I’ve just released ActiveFixture, an enhancement to the Rails db:fixtures:load rake task. Currently db:fixtures:load doesn’t take into account the foreign key constraints hence with any tables that have foreign keys defined, db:fixtures:load would just fail miserably. As Rails is increasingly getting more into the enterprise world, the ability to handle foreign key correctly becomes more important.
I flew to New York last weekend for the VSLive! Conference. While attending VSLive! talks during the day, my mind was mostly occupied with how to solve this foreign key issue at night. After 2 days and trying multiple ways and still unable to solve the problem, I suddenly remembered about graph (good old CS classes). I turned the problem of determining the order of loading fixtures files into a graph problem of how to traverse the graph in a certain order. Breadth-first-search doesn’t give the correct answer, Depth-first-search seems to have some potentials. When I tried Depth-first-search Post order traversal, suddenly I realized that DFS post order gives the perfect solution. What’s even more beautiful is the entire traversal algorithm was only a couple lines of Ruby code as you can see from the source.
I’ve learned quite a bit about Rails and Ruby while writing ActiveFixture. I poked around the core ActiveRecord classes and see how fixture is being handled, I then learned how to use reflection to get meta data from the ActiveRecord models, then how to write rake task and componentize everything into a plugin. In the end, I feel I like working with Ruby and Rails even more. .NET is cool but somehow, to me, Ruby is more fun to work with, except for the fact that there’s no GUI debugger. I would say I would have been able to write ActiveFixture in much less amount of time had I had a Rails/Ruby IDE with an interactive debugger.
The next time I write something for Rails, I would probably give Ruby in Steel a shot. It’s quite frustrated when you are exploring Ruby, especially when someone like me isn’t that familiar with Ruby. I love the Watch and Intermediate Window in Visual Studio simply because I can hit a breakpoint and examine the application and all the variables at that moment. Currently we don’t have anything similar for Ruby and Rails for free. Ruby in Steel seems to have potentials, but $199 is quite a barrier to entry to any ruby-rails-fan. In fact, one of the main question that my boss at work asked me about Ruby on Rails, is if Ruby has any good IDE. My company is a Microsoft shop so we use Visual Studio extensively. It’s hard to convince someone who code in Visual Studio for a living to switch to a notepad-like editor (”no Intellisense, no thanks”) and start learning Ruby on Rails. Personally I use (and pay for) e-editor, however, I do miss the intellisense and the ability to hit F5 anytime to kill that freaking bug…Okay, enough of my ranting.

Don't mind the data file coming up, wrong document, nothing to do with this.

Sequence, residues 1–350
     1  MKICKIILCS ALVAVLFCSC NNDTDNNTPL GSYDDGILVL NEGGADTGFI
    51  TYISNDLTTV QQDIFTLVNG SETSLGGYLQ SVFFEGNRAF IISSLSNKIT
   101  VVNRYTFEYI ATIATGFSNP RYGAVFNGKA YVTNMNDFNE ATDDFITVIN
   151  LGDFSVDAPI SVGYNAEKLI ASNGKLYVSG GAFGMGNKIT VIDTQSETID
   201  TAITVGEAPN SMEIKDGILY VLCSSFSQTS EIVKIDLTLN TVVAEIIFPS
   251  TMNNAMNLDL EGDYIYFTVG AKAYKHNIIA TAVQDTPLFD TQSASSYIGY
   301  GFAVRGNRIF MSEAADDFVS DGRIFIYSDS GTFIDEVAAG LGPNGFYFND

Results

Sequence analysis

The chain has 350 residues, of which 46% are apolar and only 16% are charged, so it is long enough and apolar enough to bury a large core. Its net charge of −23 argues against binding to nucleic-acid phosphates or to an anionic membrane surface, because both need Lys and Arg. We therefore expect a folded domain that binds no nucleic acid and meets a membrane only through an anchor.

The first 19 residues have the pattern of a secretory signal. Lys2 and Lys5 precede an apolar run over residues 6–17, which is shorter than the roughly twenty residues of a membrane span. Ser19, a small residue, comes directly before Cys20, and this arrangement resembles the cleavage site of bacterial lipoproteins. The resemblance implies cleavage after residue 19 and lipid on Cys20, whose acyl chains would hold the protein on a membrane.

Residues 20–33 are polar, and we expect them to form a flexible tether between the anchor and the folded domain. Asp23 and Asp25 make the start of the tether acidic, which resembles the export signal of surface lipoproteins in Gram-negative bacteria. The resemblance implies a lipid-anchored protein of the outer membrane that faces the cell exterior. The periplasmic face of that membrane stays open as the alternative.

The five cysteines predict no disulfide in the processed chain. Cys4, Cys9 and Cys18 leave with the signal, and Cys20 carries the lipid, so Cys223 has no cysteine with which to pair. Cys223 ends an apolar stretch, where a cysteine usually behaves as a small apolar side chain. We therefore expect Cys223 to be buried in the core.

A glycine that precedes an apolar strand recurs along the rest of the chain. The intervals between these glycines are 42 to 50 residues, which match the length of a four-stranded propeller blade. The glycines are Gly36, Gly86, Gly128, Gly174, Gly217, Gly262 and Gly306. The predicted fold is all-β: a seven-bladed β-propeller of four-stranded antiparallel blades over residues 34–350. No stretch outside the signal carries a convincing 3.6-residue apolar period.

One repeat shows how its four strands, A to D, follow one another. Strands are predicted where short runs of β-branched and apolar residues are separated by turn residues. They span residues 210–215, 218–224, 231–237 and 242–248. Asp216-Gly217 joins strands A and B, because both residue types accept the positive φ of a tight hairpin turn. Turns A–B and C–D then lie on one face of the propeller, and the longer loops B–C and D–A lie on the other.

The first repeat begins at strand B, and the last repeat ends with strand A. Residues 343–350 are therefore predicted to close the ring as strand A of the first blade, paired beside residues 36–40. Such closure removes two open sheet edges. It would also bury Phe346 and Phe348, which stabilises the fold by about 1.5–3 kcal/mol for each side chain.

Anyway, here’s the good news in short: ActiveFixture is released and ready for abused. Current version is under-tested (I haven’t written any unit tests yet) and may contain bugs. For Wars of Earth, I have about 20 tables with a whole bunch of foreign key constraints (with circular references too) so I’m quite confident that ActiveFixture will work for you.
- SVN: http://activefixture.rubyforge.org/svn/
- Copy into the RAILS_ROOT/vendors/plugins
- As always, RTFM. See README for more information. I wrote a little explanation on how ActiveFixture works so enjoy It’s a nice and elegant algorithm to solve a tricky problem.
- Make sure you have all the required yml/yaml/csv files
- Defined all belongs_to relationships inside your models
Please vote for ActiveFixture to get included in Rails core. I’ll have even more incentives to write even more useful Rails plugins.
keywords spam: db:fixtures:load, db:fixtures:activeload, rails foreign key constraints fixtures, fixtures loading order